Now that (Brent) oil is closer to $65 a barrel, the appeal of those projects has faded because they cannot pay back the capital investment based on the lower price of ethylene. As Millard pointed out: "Ethylene price follows naphtha price, so when ethylene price came down, the difference between ethylene and coal – that margin decreased, and made those projects much more difficult to justify."
Middle East's Best Bet
Fortunately for the players in the Middle East, they have a lot of ethane – about two thirds of the world's ethane crackers are in the region. Moreover, the lowest production cost of ethylene is directly from ethane. "That's the number one technology and the most profitable crack you can do, because it's very selective to what the final product is," said Millard. "If you have low-cost ethane like the Middle East, you will be very competitive on a global basis. You will always make money if you crack ethane."
Sentenac agrees with Millard's assessment. "In the Middle East, ethane-based crackers should continue to remain competitive, as well as combined production of fuels and chemicals, either by shifting a portion of refineries' output to chemicals using high olefins fluid catalytic cracking (FCC), or integrated aromatic complexes," he said.
Technologies allowing the production of large quantities of both chemical molecules and fuels, using cheaper feedstock such as residue of distillation of crude oil, will have the biggest impact on the market, Sentenac said. One such technology is high severity FCC, which enables the production of more than 20 percent weight of propylene from residue. It was developed by JX, Saudi Aramco and King Fahd University of Petroleum and Minerals and marketed by Axens/Technip. Other technologies include residue-to-aromatics conversion suites.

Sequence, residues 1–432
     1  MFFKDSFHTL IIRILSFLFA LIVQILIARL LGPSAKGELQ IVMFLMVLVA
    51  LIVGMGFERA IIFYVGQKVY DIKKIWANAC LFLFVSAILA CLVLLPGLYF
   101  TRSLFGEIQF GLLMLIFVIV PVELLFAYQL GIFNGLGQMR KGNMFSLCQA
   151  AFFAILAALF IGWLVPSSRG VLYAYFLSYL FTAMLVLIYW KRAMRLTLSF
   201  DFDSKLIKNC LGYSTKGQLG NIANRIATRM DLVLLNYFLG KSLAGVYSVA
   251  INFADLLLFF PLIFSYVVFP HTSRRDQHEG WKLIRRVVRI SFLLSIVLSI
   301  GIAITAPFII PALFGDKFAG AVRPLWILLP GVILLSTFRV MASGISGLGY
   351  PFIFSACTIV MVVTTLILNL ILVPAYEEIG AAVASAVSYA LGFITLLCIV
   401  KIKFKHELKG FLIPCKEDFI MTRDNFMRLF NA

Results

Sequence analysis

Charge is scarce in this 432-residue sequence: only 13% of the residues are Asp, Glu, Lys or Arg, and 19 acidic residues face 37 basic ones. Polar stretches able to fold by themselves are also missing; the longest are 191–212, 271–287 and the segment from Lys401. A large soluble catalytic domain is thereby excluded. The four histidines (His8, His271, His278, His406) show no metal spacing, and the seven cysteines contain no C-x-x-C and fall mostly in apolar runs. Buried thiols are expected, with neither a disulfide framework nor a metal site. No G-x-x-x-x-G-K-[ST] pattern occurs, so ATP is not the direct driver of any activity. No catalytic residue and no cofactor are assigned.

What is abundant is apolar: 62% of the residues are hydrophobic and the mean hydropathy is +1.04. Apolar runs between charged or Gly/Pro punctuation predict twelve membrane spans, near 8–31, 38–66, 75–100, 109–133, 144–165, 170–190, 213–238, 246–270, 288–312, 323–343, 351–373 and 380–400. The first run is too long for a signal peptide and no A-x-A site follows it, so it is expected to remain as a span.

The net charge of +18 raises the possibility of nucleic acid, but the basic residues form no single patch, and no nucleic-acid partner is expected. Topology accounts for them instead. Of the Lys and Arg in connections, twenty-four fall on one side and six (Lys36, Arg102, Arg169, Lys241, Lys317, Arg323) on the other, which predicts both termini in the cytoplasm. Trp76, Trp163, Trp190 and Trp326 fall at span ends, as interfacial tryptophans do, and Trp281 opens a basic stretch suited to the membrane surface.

Moreover, competitive technologies in the future will increasingly rely on feedstock such as natural gas liquids (NGLs) and naphtha. "When you put naphtha in, you have a less selective production of ethylene, but you make propylene and other by-products," said Millard. "If you're looking at investing today in ethylene, as you would be in the Middle East, you want to secure a feedstock of ethane. That's the best competitive position you could be in".
Jean Viallefont, Orient Zone vice president for refining and chemicals at Total, similarly states that the challenge for the Middle East is "the need for very advantaged feedstocks." However, he expects the region's future plants to compete with CTO in China and ethane crackers in the United States.
U.S. at an Advantage
With China's CTO facilities and U.S. ethane crackers in the mix, Mideast plants face tough competition. Several years ago, there was not enough ethane available in the U.S. market. Nowadays, with plenty of domestic shale gas production, that is no longer the case. More ethane and propane are being produced as co-products and NGLs.
"In the U.S., where low-cost shale gas is available (at approximately $3-4 per million British Thermal Units), ethane cracking is the most preferred and profitable route to make olefins by far," highlighted Sentenac, whose company Axens has participated in a number of such projects.
"(The amount of ethane) is sufficient to support the six or seven crackers which are being built in the U.S.," remarked Millard. "Six years ago, they were actually closing the crackers in the U.S. and building them in the Middle East or expanding elsewhere."
Now, these crackers will be built inside the U.S. to take advantage of the extremely low prices of ethane, which is co-produced with "rich," or "wet," natural gas. Thus, we can rest assured that revitalization will continue to be a dominant theme in the U.S. petrochemical industry.